When the Pens first acquired defenseman Justin Schultz from Edmonton on Feb. 27, the team knew his potential. They felt the offensive defenseman - who had recorded 101 points in 248 career games with the Oilers - could eventually become a perfect fit in their system, which is built on speed and moving the puck quickly out of their own zone.
And while Pens general manager Jim Rutherford said Schultz still needed to work on his defensive game, he felt a change would be beneficial for the young blueliner and could help him develop into the player they knew he could be.
Well, everything the team hoped for with Schultz has come to pass, as the 26-year-old is developing into an all-around threat. The confidence that Schultz admitted had been shaken during the end of his three-plus years with Edmonton is back in full force, and he's having a blast being a key contributor to this team when it needs him the most with injuries to Kris Letang and Trevor Daley.
Schultz has logged big minutes in the game-plus the Pens have been without them, recording 27:11 on Dec. 16 vs. Los Angeles and 23:03 on Dec. 17 vs. Toronto while skating as the lone defenseman on the top power-play unit.
"I hoped eventually (the confidence would return). I didn't think it would be this quick," Schultz smiled. "But my teammates have been great. We have a lot of skilled players in here. They make it easy on you. They find you anywhere you are."
The points have certainly been coming as a result, as Schultz has five goals and 13 points in his last 10 games. But Schultz's focus has been on continuing to improve his defensive game that Rutherford had singled out right from the start.
"(The points) are a bonus," Schultz said. "We just want to be solid defensively and be able to go out there and have the coaches trust us and be able to go up against top lines. I think we're getting there and if we keep focusing on defense first, the other stuff, the points, that will come."
Ian Cole, who has been Schultz's primary partner since he arrived early in the calendar year, said that his ability to defend is underrated.
"He's obviously a very good hockey player, but he's a great defenseman," Cole said. "I think that's the key. He's very smart. I think when he was coming over from Edmonton, everyone was like, 'oh, he's just pure offense.' But ever since we've been together since he got here, he and I have both had a defense-first mentality. And then the offense comes.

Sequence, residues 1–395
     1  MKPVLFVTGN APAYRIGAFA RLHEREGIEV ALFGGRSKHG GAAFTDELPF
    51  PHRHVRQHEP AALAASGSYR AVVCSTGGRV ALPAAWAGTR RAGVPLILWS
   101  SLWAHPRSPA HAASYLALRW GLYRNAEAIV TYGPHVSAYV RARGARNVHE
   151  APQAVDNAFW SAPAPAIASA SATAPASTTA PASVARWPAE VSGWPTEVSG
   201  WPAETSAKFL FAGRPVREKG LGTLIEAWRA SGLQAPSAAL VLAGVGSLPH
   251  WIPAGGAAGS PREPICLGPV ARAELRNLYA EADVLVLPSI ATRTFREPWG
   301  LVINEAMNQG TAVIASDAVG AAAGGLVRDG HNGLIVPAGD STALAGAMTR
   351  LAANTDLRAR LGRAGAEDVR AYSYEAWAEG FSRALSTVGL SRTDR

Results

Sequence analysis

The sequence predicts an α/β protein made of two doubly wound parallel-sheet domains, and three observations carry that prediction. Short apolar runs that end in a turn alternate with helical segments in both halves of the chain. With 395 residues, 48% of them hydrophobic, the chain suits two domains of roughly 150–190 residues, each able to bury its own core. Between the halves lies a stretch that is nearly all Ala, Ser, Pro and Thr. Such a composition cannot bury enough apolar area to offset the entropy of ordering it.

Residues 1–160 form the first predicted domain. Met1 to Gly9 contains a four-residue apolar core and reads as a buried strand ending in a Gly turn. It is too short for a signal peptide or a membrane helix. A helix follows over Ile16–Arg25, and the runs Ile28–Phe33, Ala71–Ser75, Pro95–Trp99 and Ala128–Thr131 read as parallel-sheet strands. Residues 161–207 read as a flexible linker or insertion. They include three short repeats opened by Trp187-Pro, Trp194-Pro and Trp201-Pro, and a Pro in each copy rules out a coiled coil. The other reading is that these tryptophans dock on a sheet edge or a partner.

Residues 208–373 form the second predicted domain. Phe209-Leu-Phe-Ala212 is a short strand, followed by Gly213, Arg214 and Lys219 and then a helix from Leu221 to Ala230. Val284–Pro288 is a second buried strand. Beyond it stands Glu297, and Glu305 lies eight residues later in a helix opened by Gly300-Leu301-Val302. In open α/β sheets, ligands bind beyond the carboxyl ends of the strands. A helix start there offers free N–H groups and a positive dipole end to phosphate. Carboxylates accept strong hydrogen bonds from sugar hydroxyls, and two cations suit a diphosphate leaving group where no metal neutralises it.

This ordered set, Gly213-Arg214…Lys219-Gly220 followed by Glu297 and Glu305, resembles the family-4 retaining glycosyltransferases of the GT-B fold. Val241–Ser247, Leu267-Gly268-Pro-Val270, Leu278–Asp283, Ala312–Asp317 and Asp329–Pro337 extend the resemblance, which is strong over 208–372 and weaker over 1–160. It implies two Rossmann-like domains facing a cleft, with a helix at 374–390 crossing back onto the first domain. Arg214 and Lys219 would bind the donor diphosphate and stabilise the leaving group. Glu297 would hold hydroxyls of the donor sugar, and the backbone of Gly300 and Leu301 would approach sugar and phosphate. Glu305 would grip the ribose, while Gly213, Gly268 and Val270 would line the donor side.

"You can see his talent offensively shine through, but I think we're doing a lot of good things defensively and that provides the opportunities to go offensively. I think we were playing really well before we were getting the points. But it's nice to see that translate to the scoresheet for sure."
Schultz says it helps playing alongside Cole, as the outgoing, talkative defenseman has been a terrific communicator.
"'Coler' has been an unbelievable help to me," Schultz said. "We both actually talk a lot on the ice and in the dressing room, on the bench. Just letting each other know what we see out there and what we can do better and I think that helps a lot, just communicating and being on the same page with each other."
Schultz also credits defense coach Sergei Gonchar, who spends a lot of time with each and every player on that blue line to perfect the details of their games.
"He's always talking to us before games, pregame skate and all that," Schultz said. "Just letting us know what he sees out there. He's obviously one of the best defensemen to play the game, so any time he talks, we listen and he's really into the details. Stick positioning and just focusing on that and he's really instilled that in our game. And then just working on the offensive part, getting shots through, when to join and all that. He's been huge for me."
A prime example of that came on Schultz's goal in the Pens' 4-3 overtime win over Boston on Dec. 14, where he saw Sidney Crosby with the puck just inside the blue line. Schultz immediately jumped into the zone to be a pass option for Crosby, who hit him with a perfect pass. Schultz then sniped a perfect shot far side.
"(Gonchar) talks to me about picking my spots," Schultz said. "There's been times when I try to force it and he says just be patient and it will come. That's what happened when I scored. It was the right time to jump in and it resulted in a goal."
Apart from that, there's no magic formula that has resulted in Schultz taking his game to another level. He hasn't made any major changes to any of his regimens or routines. A lot of just comes with having a comfort level with this group.
"He's really easygoing," said fellow defenseman Olli Maatta, who spends a lot of time outside the rink with Schultz as the two of them live in the same apartment building. "He's a funny guy, easy to talk to. He's just a happy guy. I don't think I've seen him having a bad day yet, which is pretty amazing."
"This is one of the most fun teams I've ever been on," Schultz said. "We always have a good time and it keeps it loose in the dressing room and I think it makes it easier to play here. You're always having fun.
"It's just a place where I love to play and hopefully I can play here for a long time."